Streamlining the RFP Process for AUM Growth

Published on 14 Mar, 2017

Quantitative Research Services

RFPs are as vital as they are time-intensive. While there’s a marked increase in the number of RFPs that an asset management company usually grapples with, the tediousness of assembly coupled with a shortage of valuable man hours has made it imperative to find more than simple workarounds to the usual process.

Large institutional investors like pension funds and trust funds are rapidly adopting standardized mechanisms in order to assign investment mandates to asset management firms, usually through a Request for Proposal (RFP), a Request for Information (RFI), or a Due Diligence Questionnaire (DDQ), quite often utilizing consultant database systems like eVestment.

Chief Investment Officers (CIOs) are now monitoring their RFP processes far more carefully than they used to, doing everything in their power to increase conversion rates for their proposals — pursuits that used to be Client Services’ or the Chief Marketing Officer’s (CMO) prerogative.

Assembling an RFP that gives you a competitive advantage requires speed, accuracy, and completeness of the questions posed by investors – things that warrant a sizable workforce. Regrettably, neither quality of resources nor the budgets to sustain them have grown in tandem with their dire need. According to a survey conducted by iiSearches on RFP process, while a manager’s RFP activity has increased over time, spending on RFP resources are not increasing. Equipping additional resources to take up the challenge doesn’t always work out the way it should either, given the usual time constraints and work pressure involved. The percentage of respondents who rate their RFP submissions as “very good quality” is also dropping, something usually chalked up to a dearth of suitable manpower or difficulties in completing the data portion of an RFP with high-integrity, high-quality data.

The RFP process could be streamlined to offset the usual woes through some pretty elementary process simplification, or perhaps even bespoke process management systems.

For instance, the questionnaire could be divided into two simple categories:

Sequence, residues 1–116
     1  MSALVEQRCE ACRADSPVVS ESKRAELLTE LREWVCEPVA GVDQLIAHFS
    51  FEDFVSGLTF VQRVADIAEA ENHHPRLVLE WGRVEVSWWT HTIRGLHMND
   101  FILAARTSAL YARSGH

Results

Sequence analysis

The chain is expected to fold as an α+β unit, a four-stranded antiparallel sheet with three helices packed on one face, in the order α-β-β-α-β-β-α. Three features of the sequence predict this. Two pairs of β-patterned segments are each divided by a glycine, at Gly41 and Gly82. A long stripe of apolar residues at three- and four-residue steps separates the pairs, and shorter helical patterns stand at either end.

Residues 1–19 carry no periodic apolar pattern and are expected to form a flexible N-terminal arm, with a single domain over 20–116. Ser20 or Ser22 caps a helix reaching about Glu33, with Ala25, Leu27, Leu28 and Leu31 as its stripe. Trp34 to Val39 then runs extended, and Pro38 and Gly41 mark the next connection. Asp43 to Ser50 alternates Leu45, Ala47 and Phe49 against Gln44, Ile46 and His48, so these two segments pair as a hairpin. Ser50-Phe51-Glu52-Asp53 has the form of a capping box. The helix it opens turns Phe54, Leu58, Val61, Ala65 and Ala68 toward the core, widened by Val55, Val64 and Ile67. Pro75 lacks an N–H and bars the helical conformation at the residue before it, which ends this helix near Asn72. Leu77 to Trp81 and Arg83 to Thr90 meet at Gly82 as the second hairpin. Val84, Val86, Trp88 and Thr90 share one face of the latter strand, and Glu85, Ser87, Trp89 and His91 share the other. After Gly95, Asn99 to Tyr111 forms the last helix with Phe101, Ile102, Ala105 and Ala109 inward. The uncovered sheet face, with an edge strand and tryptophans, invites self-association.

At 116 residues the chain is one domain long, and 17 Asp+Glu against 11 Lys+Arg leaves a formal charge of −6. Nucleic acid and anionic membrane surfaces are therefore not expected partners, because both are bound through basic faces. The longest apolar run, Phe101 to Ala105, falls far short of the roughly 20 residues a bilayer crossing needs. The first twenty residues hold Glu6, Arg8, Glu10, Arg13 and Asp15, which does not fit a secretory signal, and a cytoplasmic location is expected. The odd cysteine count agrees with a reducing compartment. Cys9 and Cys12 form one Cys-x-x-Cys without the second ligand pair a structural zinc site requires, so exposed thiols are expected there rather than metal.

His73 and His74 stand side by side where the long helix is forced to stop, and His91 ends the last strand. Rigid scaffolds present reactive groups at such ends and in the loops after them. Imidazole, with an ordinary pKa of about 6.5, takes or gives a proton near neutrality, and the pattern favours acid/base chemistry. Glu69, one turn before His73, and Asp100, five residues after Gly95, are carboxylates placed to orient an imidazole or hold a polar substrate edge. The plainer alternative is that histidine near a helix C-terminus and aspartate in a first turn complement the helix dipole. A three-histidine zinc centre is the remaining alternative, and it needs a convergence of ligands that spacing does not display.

• Generic questions
  • Investor-specific questions.

These could pertain to the company, profiles of the investment managers, vital statistics about the firm, and so on. 

According to B.J. Lownie, Managing Director and Principal Consultant at Strategic Perspectives, the must-have components in an RFP are: 

  • Accurate descriptions of the firm’s strength, market position, capabilities, and track record.
  • Clear and compelling descriptions of how the asset manager’s products and solutions are differentiated within their categories, and superior to any competitors’ offerings.
  • A client-centric approach and tailor-made proposal that exhibits the asset manager’s focus on (and alignment with) the client’s needs. 

These may seem like obvious points to address, but you’d be surprised how often they’re lacking.

He also highlights mistakes to avoid while drafting proposals, things like not directly answering the client’s specific questions, not demonstrating that the asset manager clearly understands the client’s objectives, not including clear differentiators for the firm’s investment products and services, a lack of clarity about exactly what is being offered, poor organization of information and subpar formatting, not writing for the audience, or alternatively, providing answers that are either too long and wordy or too thin and short on details.

Plenty of questions in an RFP are usually straightforward, obvious, almost boilerplate.

If regular data like the latest AUM of the company, basic performance indicators, and updated profiles of key individuals are collated beforehand, it would certainly save a lot of time while preparing a client-specific pitch. Vital statistics or pre-assembled profiles could also be stored in a handy database, easily available at your team’s fingertips. 

A number of databases like PMAPS and QVidian are already available, and they allow RFPs to be uploaded and easily searchable. Many asset management companies that regularly participate in RFPs do purchase such databases, but their usefulness is sometimes limited by an inability to acclimatize or automate your processes.  In such a scenario, your technological edge is dulled simply by the fact that you need the right people to use the best tools.

While stronger databases and an effective use of content management systems are viable solutions to streamlining your RFP processes, it’s the quality of your content that ultimately makes a difference if your proposal stands a chance to win any mandates in an RFP process. 

Only organizations that equip their people with the right tools as well as the best techniques to apply them stand any real chance in the ultra-competitive asset management market.


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